At the turn of the 20th century, it was a big deal to go out on Christmas Day and look for birds. At the time, “looking” involved bringing a shotgun.
Frank Chapman was a fan of the custom, though not necessarily the gun part. So on Christmas Day 1899 he got the idea to go out and identify and count the birds, not shoot them. The idea caught on and 122 years later tens of thousands of folks throughout the Western Hemisphere take to the outdoors to look for birds as part of the annual Christmas Bird Count. The exercise helps scientists keeps tabs on the bird population and identify potentially harmful developments in the bird world.
Here’s how it works: Each count is assigned an area 15 miles in diameter. Volunteers spend the day canvassing the area counting as many different birds as they can find. The results are then shipped to the National Audubon for analysis. You needn’t be an accomplished birder to participate; in fact, one of the great things about the count is that it often gives amateurs an opportunity to hang with and learn from accomplished birders. Not to mention the chance to lurk about the woods all day in search of nature.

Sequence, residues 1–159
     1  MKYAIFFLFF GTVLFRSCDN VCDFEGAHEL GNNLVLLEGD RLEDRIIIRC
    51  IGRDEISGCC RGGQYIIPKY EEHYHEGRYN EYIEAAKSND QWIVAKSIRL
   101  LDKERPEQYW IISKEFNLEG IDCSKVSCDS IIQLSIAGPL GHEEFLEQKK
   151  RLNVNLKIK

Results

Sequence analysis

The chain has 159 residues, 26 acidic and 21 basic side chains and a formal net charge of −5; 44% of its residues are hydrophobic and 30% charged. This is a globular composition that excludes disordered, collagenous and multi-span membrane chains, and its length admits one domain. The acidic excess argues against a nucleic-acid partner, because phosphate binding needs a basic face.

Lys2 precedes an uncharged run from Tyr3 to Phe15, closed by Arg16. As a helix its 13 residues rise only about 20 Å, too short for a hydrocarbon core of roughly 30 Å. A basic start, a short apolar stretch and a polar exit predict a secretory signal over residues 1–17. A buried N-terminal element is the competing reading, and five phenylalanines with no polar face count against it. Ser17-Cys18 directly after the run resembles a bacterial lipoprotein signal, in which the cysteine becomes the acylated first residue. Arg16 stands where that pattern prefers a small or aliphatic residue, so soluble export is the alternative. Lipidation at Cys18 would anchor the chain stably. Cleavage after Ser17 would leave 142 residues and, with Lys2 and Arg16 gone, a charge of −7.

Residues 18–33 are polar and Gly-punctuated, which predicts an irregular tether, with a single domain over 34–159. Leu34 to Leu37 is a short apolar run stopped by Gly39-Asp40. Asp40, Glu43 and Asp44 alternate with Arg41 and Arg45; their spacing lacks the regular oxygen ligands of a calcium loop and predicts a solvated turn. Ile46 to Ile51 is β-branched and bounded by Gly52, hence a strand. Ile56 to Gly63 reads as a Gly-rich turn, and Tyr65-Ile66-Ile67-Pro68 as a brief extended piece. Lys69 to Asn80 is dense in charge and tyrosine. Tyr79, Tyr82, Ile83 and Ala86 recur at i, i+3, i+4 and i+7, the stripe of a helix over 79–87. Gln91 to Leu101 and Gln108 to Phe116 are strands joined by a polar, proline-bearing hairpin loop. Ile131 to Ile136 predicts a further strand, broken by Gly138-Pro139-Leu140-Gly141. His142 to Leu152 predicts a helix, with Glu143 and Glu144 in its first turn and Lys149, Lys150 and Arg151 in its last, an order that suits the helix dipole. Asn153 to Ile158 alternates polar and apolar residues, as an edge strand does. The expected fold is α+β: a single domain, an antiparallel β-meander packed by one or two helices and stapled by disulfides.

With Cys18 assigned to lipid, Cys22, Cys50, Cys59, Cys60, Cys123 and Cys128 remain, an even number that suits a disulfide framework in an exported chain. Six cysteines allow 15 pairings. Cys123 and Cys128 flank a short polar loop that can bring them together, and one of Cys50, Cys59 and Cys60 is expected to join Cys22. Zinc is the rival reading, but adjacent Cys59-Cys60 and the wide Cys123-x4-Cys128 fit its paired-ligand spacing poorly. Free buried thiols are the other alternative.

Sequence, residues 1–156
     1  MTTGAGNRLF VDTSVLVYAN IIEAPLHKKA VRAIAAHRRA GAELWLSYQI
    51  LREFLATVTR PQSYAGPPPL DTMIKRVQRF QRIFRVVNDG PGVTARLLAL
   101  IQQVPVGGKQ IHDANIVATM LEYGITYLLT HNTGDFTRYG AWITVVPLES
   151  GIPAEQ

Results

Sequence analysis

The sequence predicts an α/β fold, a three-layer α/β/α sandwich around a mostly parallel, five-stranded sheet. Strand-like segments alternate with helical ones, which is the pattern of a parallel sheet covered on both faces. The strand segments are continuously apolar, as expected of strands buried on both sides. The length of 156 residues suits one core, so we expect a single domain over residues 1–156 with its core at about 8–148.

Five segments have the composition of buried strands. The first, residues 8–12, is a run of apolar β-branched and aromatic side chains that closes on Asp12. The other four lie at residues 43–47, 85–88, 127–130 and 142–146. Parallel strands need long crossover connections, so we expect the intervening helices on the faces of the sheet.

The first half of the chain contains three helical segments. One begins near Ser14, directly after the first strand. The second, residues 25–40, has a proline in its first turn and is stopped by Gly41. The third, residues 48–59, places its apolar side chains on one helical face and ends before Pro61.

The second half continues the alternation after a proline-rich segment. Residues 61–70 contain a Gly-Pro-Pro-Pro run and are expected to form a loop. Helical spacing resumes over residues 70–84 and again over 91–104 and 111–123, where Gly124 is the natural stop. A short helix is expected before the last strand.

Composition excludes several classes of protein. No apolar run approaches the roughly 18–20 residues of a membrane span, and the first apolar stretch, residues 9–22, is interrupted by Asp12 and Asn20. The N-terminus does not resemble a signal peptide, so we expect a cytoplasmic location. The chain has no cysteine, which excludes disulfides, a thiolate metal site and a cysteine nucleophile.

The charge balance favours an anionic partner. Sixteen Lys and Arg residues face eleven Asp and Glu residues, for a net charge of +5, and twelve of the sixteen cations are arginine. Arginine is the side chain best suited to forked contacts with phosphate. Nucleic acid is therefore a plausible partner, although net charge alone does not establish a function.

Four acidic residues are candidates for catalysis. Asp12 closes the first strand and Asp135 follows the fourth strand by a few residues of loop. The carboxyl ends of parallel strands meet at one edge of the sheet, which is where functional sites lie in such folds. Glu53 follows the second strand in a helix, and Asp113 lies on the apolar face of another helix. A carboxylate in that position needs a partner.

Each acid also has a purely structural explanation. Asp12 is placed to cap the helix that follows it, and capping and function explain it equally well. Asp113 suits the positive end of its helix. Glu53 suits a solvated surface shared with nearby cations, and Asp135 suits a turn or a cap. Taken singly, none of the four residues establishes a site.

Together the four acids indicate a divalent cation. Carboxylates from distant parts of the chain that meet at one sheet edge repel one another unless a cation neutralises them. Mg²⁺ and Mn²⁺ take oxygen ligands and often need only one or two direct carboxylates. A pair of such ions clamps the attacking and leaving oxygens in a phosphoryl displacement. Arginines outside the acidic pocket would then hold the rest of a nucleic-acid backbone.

In North Carolina, 62 bird counts are scheduled during the three-week period of the count, from Dec. 14 through Jan. 5. The Tarheel count opens with events at Mount Jefferson and Pilot Mountain (the latter appears to still be on, despite a recent wildfire that burned more than 1,000 acres on the mountain). The count concludes Jan.5 with counts in the Upper Yadkin River Valley and at Roanoke Rapids. At least four counts have already reached capacity and are closed.